Following her recent signing of a law that gives the police leeway to detain anyone they suspect of being an illegal immigrant, Governor Jan Brewer (R) of Arizona (left) signed a bill to restrict ethnic studies in state schools:
Under the law signed on Tuesday, any school district that offers classes designed primarily for students of particular ethnic groups, advocate ethnic solidarity or promote resentment of a race or a class of people would risk losing 10 percent of its state financing.
The law has been pushed by Tom Horne, state superintendent of public instruction, who is running as a Republican candidate for state attorney general. Horne believes that ethnic studies "teach students to feel oppressed and to hate whites."
Education sure can be dangerous. Learning one's cultural history, including the ways in which one's ethnic group has been oppressed, apparently fills one with hostility. Doesn't education also teach one to employ critical faculties in order to approach history with a sense of perspective? According to two educators, ethnic studies impart positive lessons:
Judy Burns, president of the governing board of the Tucson schools, said the district’s ethnic studies courses did not violate any of the provisions of the new law and would be continued because they were valuable to the students.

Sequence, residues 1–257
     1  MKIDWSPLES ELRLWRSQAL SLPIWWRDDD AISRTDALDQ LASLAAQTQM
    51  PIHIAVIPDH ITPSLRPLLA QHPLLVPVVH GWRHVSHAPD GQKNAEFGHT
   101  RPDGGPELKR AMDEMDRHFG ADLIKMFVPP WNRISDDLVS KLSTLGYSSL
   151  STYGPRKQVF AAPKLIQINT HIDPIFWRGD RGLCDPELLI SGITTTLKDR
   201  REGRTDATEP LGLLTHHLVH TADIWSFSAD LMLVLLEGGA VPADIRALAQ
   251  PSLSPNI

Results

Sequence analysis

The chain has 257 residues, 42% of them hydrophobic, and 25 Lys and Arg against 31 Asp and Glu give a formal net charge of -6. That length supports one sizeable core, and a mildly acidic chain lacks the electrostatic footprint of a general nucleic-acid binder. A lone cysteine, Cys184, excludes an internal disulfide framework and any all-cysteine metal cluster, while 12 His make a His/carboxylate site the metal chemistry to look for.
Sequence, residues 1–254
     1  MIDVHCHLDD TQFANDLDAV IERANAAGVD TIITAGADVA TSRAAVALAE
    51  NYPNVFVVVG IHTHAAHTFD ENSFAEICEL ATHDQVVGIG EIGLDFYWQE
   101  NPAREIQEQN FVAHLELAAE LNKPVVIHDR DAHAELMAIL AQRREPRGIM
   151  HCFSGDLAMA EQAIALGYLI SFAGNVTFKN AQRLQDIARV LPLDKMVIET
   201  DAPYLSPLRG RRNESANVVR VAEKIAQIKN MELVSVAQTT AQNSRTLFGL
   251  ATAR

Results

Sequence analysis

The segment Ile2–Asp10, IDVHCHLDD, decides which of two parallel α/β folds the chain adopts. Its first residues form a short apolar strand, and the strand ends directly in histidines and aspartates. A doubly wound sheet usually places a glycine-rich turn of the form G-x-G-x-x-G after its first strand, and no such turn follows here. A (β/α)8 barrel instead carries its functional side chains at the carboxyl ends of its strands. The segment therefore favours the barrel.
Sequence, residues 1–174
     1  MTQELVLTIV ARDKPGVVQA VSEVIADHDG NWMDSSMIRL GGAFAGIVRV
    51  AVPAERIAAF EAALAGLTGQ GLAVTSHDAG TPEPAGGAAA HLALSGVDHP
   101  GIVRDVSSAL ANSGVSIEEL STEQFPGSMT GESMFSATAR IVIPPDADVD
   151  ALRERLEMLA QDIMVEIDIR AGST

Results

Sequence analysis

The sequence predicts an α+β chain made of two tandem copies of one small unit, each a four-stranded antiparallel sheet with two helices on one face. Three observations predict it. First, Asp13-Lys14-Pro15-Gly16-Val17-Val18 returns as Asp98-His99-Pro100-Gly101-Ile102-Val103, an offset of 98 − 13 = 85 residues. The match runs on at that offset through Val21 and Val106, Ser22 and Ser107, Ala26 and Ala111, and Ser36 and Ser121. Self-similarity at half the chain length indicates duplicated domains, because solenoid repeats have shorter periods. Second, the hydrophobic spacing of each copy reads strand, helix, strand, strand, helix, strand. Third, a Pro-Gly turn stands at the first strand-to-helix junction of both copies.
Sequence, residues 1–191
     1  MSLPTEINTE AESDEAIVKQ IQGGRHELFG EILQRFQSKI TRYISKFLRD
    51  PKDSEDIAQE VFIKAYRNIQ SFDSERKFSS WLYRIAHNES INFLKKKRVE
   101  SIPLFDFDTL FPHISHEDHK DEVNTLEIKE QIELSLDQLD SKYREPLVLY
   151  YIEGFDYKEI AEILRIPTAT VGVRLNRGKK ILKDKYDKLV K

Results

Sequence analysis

“From everything I’ve seen, they empower kids to take charge of their own destiny, gain a sense of the value of their own existence and become more determined to be well-educated contributing members of society,” Ms. Burns said.
...Sean Arce, director of Tucson’s Mexican-American studies department, said the ethnic studies courses do teach students about the marginalization of different groups in the United States through history.
“They don’t teach resentment or hostility, in any way, shape or form,” Mr. Arce said. “Instead, they build cultural bridges of understanding, and teach the skills students need to understand history.”
Furthermore, Mr. Arce said, the ethnic studies courses have been highly effective in reducing students’ dropout rates and increasing their college matriculation well above the national average for Latino students.
Does Mr. Horne have first-hand knowledge of what goes on in ethnic studies classes?
Mr. Arce and Ms. Burns said that they had repeatedly invited Mr. Horne to visit the ethnic studies classes, but that he had declined the invitations.
“We wish he’d come see it, so he’d know what we do, and not just go on hearsay,” Ms. Burns said.
Mr. Horne acknowledged that he had never sat in on a class, but said he did not believe that what he would see would be representative of what regularly took place.